Driven by the four MarTech advancements that are transforming the retail industry—unified data, advanced analytics, customer insight, and frictionless one-to-one personalization—customers have grown to prefer seamless, omnichannel experiences. Channels are dissolving, and what matters now more than ever is a retailer’s ability to provide frictionless brand experiences, wherever and whenever a consumer happens to interact with their brand.
And the winners know this. Early on, brands like Amazon, Casper, Netflix, Uber, and Peloton recognized the importance of customer experience and disrupted the retail industry.
Instead of focusing on old, channel-centric metrics like impressions, click-through rates, open rates, and cost-per-acquisition, modern retailers have started to measure their success with customer-centric data such as:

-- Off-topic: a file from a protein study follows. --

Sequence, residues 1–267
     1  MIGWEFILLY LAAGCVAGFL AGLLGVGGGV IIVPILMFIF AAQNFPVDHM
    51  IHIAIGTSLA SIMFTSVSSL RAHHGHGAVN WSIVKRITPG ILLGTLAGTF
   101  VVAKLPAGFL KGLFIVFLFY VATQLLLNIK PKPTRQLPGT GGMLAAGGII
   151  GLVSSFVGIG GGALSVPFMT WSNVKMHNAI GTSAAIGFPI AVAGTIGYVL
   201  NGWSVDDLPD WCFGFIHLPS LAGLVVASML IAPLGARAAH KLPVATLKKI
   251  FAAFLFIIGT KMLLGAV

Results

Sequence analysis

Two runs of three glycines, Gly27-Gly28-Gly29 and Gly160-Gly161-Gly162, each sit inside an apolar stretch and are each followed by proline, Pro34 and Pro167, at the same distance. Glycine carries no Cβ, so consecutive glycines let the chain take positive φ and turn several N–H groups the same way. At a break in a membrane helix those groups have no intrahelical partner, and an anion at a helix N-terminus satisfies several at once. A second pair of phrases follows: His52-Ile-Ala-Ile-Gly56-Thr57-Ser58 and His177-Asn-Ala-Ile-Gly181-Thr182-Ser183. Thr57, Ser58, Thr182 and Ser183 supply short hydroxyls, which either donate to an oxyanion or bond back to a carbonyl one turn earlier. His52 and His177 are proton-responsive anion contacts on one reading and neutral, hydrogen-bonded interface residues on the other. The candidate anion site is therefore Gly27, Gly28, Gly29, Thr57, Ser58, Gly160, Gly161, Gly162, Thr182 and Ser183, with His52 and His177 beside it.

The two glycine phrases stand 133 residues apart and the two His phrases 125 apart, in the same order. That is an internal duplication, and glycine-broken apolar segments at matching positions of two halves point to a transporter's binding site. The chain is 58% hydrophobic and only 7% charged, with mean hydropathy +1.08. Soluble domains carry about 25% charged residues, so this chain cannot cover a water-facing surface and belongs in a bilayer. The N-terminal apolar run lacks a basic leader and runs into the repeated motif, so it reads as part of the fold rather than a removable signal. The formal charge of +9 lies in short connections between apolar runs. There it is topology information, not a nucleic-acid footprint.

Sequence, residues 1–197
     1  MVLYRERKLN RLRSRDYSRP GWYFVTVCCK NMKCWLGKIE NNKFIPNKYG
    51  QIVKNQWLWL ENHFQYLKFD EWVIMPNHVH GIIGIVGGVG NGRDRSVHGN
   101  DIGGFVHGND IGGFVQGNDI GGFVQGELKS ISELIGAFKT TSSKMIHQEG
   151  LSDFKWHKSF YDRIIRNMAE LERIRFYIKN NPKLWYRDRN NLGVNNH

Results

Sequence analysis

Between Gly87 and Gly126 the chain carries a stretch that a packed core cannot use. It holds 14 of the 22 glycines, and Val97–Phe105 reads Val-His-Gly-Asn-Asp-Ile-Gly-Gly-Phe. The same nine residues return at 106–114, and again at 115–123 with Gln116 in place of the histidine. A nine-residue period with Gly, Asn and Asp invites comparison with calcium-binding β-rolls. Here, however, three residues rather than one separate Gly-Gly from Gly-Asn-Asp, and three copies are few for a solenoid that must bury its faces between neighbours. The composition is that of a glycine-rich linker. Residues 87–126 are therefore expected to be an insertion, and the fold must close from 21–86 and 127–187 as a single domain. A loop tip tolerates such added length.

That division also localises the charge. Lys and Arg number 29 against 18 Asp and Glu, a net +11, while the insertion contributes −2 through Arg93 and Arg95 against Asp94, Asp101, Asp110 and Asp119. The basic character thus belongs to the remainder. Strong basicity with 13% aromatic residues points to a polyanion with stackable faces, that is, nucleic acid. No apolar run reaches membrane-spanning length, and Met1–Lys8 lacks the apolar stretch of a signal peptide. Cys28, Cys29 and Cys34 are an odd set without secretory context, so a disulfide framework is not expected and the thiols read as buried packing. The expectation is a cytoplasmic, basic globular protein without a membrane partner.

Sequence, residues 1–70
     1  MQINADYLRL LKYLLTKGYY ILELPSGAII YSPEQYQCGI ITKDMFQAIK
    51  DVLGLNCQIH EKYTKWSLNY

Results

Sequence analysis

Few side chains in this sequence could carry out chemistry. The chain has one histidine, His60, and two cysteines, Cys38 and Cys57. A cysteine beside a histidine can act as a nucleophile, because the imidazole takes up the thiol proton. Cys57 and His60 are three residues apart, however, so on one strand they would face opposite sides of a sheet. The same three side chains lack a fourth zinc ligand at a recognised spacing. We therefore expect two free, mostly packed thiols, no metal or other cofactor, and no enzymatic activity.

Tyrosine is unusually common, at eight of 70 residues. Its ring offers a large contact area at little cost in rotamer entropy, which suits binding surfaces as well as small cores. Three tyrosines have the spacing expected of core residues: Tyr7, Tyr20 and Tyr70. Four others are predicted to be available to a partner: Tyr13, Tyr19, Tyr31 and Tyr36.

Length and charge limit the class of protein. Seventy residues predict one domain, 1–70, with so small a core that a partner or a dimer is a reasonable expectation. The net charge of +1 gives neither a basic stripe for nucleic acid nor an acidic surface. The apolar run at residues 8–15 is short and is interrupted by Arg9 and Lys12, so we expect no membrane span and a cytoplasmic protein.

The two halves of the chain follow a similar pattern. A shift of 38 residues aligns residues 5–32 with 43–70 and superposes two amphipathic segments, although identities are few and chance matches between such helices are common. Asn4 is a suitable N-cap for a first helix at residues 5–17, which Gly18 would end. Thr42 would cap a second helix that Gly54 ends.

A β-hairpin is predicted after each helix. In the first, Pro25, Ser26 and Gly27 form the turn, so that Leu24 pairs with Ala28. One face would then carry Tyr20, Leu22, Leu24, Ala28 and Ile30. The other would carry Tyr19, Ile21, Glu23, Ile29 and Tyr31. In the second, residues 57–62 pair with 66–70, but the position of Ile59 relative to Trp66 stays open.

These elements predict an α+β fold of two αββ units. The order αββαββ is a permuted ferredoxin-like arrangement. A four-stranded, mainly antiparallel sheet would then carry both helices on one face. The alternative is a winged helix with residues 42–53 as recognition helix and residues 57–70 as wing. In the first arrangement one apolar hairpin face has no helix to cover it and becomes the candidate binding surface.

- Customer lifetime value
- Zero-party data
- Churn prediction
- Brand advocacy
By re-shaping the way their businesses operate, measure success, and engage with their customers, modern retailers have transformed the industry—and there’s no going back now. In fact, in a global 2019 survey conducted by the Conference Board, 80 percent of C-suite executives agreed that developing a customer-centric, cross-functional strategy will be a top priority in the future.
Despite this clear shift in priorities, many brands have struggled to embrace the new world of customer-centricity to its fullest.
Why are some brands still struggling to make this shift?
There’s a pretty straightforward reason: Data.
Even though moving to a more data-driven, customer-centric business model has become a top priority, many brands have found it difficult to structure their data ecosystems effectively in order to put their customer data to good use.
Common data challenges include:
- Siloed, disconnected and unstructured data is difficult to centralize.
- Data is scattered across too many varied, outdated, or complicated tools.
- Processes regarding data management are often manual and/or inefficient.
- Retailers are unclear about data ownership—who controls the data in the first place? Marketing? IT?